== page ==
Laurence Turner reports on the latest government attempts to reform special educational needs provision and the dangers and difficulties to be overcome.
By Laurence Turner
Since last year, Left Foot Forward has monitored the progress of the much delayed Special Educational Needs (SEN) green paper. When the green paper was finally released, several policy proposals were cautiously welcomed, but it was made clear that serious doubts over the funding of SEN specialist support services remained.
School funding as a whole is under review, and the consultation document (pdf) suggests that local authorities will receive an additional ‘pot’ for specialist provision -although the funding source is not identified.
When a panel of experts – drawn from the worlds of specialist education, local government, the charitable sector and academia – went before the Education Select Committee yesterday, the related concerns of funding structures and service capacity were repeatedly raised.
We heard only that an announcement on Special Educational Needs Co-ordinator (SENCO) funding would be made ‘soon’. But the hearing also raised a different problem, which threatens to further undermine these embattled reforms.
The SEN green paper proposes the abolition of the old statementing system in favour of a new ‘Education, Health and Care Plan’ – potentially saving Local Authorities money, and children and young adults the humiliation of dozens of poorly coordinated tests. Single assessment is a popular proposal, but it requires the integration of SEN diagnosis procedures with other sectors in a state of flux.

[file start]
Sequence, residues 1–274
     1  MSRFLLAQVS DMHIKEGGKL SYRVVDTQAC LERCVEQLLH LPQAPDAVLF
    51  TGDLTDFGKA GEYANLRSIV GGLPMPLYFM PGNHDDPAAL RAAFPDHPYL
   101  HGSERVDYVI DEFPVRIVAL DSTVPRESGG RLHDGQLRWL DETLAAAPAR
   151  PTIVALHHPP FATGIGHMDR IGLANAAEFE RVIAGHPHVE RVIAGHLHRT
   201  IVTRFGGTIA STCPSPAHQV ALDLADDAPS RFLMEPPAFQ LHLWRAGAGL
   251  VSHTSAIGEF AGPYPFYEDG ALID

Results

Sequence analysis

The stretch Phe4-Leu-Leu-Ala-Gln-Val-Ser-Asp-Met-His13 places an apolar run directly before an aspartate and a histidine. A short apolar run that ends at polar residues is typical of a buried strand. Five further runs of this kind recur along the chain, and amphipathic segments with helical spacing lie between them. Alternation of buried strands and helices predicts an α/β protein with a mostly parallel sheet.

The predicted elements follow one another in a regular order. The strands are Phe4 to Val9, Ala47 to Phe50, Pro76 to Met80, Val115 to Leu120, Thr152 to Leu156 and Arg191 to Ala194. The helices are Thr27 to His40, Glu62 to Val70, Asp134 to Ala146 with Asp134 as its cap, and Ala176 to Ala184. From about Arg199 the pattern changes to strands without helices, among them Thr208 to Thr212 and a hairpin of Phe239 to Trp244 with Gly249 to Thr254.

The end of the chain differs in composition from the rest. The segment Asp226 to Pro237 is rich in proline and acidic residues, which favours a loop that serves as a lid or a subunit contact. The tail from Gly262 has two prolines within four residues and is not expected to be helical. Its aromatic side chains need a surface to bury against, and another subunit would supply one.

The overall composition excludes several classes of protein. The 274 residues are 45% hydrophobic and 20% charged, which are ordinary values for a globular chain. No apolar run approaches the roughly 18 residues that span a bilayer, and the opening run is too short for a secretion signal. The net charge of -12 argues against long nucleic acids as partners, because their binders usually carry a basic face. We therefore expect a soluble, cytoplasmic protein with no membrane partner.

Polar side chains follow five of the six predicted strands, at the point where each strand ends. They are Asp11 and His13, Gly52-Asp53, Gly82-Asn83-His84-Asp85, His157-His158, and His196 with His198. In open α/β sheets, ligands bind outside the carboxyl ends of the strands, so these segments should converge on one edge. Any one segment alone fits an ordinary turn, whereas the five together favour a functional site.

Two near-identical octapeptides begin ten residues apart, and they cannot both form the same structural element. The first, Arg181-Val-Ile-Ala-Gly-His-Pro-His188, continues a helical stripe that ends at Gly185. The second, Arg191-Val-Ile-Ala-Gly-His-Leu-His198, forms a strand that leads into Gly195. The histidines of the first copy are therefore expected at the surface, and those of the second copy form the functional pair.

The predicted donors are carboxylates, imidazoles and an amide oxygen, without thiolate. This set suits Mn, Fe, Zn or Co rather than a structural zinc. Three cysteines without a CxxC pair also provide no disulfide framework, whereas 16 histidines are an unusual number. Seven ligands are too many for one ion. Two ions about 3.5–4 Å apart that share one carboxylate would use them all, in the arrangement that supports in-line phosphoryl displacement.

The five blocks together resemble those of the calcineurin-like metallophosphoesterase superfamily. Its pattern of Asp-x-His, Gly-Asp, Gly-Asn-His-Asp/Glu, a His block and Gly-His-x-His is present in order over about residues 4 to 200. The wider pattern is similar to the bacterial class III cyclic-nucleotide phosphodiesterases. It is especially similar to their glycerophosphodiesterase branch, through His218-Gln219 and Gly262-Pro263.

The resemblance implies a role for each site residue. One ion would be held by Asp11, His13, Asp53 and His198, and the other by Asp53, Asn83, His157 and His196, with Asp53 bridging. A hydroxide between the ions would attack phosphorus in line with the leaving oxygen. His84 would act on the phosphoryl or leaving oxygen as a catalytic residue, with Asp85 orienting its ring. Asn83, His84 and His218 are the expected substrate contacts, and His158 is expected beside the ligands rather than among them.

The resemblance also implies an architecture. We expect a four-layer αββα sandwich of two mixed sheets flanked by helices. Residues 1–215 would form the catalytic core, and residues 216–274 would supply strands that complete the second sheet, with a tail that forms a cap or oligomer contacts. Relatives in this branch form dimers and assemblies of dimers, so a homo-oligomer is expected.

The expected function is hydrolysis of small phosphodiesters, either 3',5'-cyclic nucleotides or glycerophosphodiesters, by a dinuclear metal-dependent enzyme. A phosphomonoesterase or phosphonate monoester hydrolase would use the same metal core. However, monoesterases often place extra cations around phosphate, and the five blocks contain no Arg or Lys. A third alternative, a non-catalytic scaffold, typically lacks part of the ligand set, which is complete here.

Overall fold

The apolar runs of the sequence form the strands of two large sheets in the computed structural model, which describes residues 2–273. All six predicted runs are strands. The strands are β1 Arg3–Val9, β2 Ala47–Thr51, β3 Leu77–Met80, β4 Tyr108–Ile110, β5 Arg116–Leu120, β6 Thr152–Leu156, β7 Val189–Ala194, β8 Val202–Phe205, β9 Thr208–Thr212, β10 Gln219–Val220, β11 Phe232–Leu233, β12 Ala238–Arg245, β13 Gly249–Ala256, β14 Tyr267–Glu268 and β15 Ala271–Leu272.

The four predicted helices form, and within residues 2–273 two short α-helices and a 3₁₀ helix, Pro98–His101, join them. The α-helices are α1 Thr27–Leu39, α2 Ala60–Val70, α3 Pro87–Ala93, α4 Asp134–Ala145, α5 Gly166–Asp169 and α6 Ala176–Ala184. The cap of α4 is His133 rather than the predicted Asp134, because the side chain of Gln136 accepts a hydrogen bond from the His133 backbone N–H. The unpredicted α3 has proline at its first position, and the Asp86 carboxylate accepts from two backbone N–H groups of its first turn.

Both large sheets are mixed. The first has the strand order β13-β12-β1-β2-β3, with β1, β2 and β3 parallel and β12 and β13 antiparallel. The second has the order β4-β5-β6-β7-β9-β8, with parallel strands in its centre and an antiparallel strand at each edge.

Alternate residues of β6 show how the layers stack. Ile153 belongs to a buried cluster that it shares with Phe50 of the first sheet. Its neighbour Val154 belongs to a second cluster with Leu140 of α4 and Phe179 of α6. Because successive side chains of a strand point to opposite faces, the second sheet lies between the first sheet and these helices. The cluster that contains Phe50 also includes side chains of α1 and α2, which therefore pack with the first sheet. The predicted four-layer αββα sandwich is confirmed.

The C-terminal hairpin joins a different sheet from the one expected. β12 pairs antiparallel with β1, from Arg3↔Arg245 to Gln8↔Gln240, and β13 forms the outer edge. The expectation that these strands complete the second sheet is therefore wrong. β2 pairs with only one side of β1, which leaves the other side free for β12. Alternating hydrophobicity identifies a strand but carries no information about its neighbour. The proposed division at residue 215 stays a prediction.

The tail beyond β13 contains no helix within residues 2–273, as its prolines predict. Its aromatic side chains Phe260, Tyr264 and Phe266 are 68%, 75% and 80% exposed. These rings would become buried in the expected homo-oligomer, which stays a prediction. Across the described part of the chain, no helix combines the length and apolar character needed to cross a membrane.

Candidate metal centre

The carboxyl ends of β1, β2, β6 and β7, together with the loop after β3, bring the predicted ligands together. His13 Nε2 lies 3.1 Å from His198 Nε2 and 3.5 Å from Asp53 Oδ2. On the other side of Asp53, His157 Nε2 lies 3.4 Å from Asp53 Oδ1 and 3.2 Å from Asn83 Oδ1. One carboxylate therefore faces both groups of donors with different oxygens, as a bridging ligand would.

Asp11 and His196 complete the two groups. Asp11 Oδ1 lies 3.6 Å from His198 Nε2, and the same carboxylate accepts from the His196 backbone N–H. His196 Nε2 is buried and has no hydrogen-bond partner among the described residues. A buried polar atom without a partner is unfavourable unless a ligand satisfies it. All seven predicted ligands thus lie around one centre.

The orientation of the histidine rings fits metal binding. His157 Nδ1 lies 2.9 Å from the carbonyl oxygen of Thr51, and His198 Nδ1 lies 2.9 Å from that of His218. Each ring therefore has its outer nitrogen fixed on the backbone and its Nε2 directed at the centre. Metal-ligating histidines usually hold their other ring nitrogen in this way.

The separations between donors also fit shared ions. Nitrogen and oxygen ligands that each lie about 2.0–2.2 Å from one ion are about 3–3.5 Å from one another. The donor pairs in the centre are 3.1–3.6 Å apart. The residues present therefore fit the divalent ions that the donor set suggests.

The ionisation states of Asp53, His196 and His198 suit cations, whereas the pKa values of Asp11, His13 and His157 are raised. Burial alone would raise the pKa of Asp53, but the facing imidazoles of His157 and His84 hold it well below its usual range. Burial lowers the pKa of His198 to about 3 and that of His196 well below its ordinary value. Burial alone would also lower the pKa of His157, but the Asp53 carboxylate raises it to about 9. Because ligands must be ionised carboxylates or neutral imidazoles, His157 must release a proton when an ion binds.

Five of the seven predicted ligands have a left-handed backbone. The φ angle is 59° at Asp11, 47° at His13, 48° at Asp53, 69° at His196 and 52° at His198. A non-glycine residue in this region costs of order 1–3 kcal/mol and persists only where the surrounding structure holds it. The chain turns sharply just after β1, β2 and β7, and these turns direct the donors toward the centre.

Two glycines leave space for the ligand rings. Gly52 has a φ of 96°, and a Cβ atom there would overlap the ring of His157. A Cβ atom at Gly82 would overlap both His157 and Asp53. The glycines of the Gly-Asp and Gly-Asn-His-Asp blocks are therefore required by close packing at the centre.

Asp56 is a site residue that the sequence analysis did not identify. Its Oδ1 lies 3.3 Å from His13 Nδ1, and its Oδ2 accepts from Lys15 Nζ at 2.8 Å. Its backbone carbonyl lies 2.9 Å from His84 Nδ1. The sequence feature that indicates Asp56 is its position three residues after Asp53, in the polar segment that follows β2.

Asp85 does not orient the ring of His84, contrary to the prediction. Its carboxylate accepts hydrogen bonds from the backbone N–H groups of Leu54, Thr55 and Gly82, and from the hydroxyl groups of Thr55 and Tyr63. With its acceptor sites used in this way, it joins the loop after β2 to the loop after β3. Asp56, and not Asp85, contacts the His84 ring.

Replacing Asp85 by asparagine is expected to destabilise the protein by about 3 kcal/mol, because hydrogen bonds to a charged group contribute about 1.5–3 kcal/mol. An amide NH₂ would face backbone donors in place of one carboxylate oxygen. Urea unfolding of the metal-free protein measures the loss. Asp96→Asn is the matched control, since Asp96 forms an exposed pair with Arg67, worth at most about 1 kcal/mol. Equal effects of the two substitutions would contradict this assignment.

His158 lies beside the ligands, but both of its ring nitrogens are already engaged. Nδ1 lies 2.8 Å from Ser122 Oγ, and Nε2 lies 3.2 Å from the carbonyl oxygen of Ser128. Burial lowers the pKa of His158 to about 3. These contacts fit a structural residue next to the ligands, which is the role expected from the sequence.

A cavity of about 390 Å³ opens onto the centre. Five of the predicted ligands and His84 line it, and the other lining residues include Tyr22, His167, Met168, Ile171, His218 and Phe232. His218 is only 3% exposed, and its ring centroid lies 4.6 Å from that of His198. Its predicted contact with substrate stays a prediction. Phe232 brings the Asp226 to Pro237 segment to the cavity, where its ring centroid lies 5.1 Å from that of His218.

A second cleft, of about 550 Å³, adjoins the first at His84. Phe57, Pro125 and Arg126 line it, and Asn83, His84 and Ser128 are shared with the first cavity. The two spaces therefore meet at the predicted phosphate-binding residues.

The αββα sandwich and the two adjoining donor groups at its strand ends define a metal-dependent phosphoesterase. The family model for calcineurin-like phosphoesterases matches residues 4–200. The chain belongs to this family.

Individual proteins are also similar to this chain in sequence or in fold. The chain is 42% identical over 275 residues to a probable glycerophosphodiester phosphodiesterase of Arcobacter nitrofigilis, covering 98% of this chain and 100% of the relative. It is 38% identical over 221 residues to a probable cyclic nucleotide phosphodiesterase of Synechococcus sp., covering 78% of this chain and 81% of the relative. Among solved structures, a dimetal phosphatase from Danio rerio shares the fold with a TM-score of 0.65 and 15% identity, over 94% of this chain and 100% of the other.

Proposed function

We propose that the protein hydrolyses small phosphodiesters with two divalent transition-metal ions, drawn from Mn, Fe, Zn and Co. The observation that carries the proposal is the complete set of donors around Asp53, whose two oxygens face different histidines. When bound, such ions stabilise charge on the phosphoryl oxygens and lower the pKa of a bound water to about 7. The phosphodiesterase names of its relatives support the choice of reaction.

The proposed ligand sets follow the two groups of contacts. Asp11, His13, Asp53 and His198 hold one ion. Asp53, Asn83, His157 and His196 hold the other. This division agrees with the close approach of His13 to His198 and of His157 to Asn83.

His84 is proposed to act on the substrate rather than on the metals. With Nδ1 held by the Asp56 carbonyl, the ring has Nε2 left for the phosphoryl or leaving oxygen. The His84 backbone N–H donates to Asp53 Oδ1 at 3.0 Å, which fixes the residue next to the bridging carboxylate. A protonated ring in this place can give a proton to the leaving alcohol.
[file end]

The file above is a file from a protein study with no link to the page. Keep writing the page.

Asked yesterday whether she thought integration would be a straightforward process, Sarah Teather, minister for Children and Families, replied:
“If I’m honest with you my answer is no. I don’t think it’s going to be straightforward. I think it’s going to be difficult… ministers before me have sat here and said that they wanted the different services to work better together and have not succeeded.”
The most sensitive connected area is GP commissioning. Responding directly to a question from Labour’s Pat Glass on the impact of the NHS consultation, Teather admitted that:
“We’re in a pause at the moment on the legislation… [which] will add uncertainty for people trying to work out how those structures will work.”
The government is left in a bind: it has a historic opportunity to reform SEN provision, but battles on too many fronts are preventing it from doing so. This may be seen as yet another delay – the green paper was originally due ‘in the autumn’ of 2010, it was eventually published in March – but for vulnerable children reliant on threatened services, each delay risks irreparable damage to their development.
A mounting body of anecdotal evidence helps show how cuts to local government funding have impacted hard on specialist services; many similar stories go unreported. The sector needs stabilising through strong policy leadership, but sadly this government’s record so far does not inspire confidence.
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